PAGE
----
PathMaker Neurosystems has developed a first-in-class neuromodulation platform that is broadly applicable to a number of serious neurological disorders that currently have few effective interventions. We are working to bring a new treatment modality based on neuromodulation into clinical practice, and expect that our products will offer new non-invasive treatment options for patients with:
Amyotrophic lateral sclerosis
Amyotrophic lateral sclerosis (ALS, Lou Gehrig’s disease, Charcot’s disease) is a progressive neurodegenerative disease that affects motor neurons in spinal cord and brain. ALS causes muscle weakness, paralysis, spasticity and eventual death, typically within 2-5 years of diagnosis. While the majority of cases (90-95%) are sporadic and occur in patients without known familial history of ALS, the remaining 5-10% of cases are familial. Recent research has established important links between ALS and motor neuron hyperexcitability, providing new potential avenues for intervention. ALS affects over 17,000 people in the US, and approximately 450,000 patients worldwide.
Stroke is the leading cause of adult disability in the United States, and one of the top 5 leading causes of death. Stroke occurs when blood flow to an area of the brain is compromised, leading to a lack of oxygen to the tissues and neuronal cell death, which can result in permanent deficits in movement, speech, memory and cognition, depending on the location and severity of the lesion. Many patients have paralysis and muscle weakness as a result of stroke, and many patients also develop spasticity. In the US, there are over 7,000,000 stroke survivors, and almost 800,000 patients a year suffer new or recurrent stroke.
Multiple sclerosis (MS) is the most common neurological disease of young adults, and is a chronic demyelinating inflammatory disease of the human central nervous system. MS results in characteristic lesions that can occur in the brain and/or spinal cord, leading to disruptions in pathways and reduced control over neuromotor and autonomic functions. Motor weakness and spasticity are often seen in patients. MS affects over 450,000 patients in the US and over 3.5 million patients worldwide.
Cerebral palsy (CP) is the most common developmental disability amongst children in the United States, and encompasses a heterogenous group of motor impairment syndromes caused by a non-progressive lesion of the brain. The cause is typically unknown, and the lesion can arise either pre-natally, peri-natally or post-natally. Patients can have mild functional impairments or severely limited mobility and motor control. Many patients have spasticity and hypertonia. CP is a long-term chronic medical condition that requires long-term supportive care services as well as physiotherapy and occupational therapy. In the US, approximately 764,000 children and adults are living with CP, and it is estimated another 8,000-10,000 babies develop CP each year.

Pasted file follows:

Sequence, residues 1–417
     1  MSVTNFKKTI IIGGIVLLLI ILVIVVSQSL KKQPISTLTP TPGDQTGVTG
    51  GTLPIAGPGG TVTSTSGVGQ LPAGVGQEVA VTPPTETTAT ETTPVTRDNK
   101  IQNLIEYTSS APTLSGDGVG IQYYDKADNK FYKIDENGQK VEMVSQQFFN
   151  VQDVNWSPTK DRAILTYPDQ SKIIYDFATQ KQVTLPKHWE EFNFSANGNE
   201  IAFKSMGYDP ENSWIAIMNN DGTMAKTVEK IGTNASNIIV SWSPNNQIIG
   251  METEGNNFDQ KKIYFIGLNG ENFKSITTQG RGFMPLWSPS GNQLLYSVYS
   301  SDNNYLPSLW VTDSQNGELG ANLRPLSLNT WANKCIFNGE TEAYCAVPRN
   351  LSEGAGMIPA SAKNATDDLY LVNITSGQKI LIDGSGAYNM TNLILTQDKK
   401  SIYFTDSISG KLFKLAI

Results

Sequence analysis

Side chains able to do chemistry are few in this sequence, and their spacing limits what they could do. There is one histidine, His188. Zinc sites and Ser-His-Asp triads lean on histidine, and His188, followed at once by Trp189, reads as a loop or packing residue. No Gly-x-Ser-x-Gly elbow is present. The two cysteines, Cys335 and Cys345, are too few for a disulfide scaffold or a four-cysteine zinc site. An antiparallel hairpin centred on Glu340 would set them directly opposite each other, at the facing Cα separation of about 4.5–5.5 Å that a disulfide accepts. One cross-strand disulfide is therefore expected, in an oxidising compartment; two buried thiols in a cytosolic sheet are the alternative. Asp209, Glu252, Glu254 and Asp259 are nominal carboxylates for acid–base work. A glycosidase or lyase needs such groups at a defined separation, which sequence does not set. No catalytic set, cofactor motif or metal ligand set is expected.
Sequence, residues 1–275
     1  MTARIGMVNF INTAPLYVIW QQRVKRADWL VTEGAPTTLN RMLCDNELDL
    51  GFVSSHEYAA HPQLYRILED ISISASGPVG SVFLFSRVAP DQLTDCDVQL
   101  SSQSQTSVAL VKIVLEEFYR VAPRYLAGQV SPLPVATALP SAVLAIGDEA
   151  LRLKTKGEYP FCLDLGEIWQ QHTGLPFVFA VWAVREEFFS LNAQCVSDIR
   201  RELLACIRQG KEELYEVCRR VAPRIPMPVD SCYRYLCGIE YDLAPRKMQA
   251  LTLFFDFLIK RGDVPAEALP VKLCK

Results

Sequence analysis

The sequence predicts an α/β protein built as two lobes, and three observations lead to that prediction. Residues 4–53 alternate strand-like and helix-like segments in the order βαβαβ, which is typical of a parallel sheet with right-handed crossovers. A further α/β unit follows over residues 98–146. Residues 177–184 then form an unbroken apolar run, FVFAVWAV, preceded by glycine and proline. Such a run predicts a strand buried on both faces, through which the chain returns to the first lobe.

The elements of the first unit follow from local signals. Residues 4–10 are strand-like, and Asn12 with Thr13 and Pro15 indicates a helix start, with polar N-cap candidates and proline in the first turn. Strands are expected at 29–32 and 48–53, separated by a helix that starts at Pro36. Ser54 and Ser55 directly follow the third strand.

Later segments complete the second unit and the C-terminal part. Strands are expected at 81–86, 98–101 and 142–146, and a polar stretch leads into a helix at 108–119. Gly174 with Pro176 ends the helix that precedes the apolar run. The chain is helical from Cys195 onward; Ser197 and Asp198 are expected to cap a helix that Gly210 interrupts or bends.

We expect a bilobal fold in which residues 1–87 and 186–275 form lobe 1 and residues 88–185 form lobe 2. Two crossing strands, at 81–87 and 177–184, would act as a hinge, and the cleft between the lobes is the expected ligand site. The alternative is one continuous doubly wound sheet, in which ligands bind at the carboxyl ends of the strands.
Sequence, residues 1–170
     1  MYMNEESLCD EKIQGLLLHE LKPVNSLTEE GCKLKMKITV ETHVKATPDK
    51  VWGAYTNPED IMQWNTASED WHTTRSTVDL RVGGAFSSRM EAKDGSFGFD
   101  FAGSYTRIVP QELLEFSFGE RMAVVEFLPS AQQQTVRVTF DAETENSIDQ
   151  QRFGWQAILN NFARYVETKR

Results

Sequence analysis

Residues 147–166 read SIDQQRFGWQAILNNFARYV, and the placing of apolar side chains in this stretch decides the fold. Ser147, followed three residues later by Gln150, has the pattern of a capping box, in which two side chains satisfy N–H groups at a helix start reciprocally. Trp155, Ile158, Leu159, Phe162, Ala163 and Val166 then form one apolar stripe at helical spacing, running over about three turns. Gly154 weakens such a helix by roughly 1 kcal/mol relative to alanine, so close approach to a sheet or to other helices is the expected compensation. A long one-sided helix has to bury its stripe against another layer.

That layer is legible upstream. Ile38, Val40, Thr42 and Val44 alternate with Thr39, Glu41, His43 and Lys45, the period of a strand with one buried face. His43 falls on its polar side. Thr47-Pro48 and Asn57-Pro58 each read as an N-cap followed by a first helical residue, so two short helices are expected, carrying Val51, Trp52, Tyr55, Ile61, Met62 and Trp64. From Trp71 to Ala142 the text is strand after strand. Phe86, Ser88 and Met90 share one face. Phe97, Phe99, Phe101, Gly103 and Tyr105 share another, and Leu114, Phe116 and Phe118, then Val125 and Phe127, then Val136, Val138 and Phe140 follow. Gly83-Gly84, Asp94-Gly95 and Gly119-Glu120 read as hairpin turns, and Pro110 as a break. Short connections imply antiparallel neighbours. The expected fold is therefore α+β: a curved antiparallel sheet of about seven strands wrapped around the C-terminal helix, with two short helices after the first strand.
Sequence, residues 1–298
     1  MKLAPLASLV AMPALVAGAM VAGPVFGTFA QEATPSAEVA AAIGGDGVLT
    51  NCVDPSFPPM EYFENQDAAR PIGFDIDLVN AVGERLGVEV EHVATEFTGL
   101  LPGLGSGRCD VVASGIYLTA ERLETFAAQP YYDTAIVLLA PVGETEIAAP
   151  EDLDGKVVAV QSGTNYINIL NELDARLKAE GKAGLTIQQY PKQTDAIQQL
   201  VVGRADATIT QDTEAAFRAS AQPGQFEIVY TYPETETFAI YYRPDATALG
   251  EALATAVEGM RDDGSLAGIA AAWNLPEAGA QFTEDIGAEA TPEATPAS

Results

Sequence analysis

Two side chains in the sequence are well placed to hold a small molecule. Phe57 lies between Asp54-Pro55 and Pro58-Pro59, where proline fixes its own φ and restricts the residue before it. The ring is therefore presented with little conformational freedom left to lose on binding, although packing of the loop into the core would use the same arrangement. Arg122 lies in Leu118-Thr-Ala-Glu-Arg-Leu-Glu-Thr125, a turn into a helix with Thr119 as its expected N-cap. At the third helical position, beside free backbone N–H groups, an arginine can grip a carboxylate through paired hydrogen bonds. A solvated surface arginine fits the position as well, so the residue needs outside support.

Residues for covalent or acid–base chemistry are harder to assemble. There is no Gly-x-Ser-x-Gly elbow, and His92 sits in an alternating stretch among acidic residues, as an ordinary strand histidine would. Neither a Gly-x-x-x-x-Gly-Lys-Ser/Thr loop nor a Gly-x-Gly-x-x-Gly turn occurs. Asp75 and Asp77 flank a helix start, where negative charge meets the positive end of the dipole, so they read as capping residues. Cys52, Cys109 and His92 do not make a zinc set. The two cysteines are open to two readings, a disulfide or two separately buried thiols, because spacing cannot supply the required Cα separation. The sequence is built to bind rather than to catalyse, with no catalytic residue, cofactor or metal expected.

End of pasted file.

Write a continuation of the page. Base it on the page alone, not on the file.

Spinal cord injury
Spinal cord injury (SCI) is caused by traumatic damage to the spinal cord leading to deficits in motor, sensory or autonomic functions. Leading causes of SCI include motor vehicle accidents, workplace injuries, sporting injuries and violence. Patients typically have paralysis and muscle weakness below the level of injury, and often have spasticity and autonomic dysfunction develop. In the United States, there are over 1,200,000 patients with SCI, and an estimated 10,000 new cases of SCI occur each year.
Traumatic brain injury
Traumatic brain injury (TBI) is the result of a blow to the brain, most often caused by vehicle collisions, falls, or violence. The degree of recovery varies depending on the severity and localization of the injury, and survivors of severe injury will commonly present motor impairments such as loss of coordination, spasticity or paralysis. Each year, TBI affects 69 million people worldwide. In the US alone, 1.5 million people will suffer a TBI, and 85,000 will survive with long-term disabilities. Over 5.3 million people in the country live with disabilities caused by a past TBI.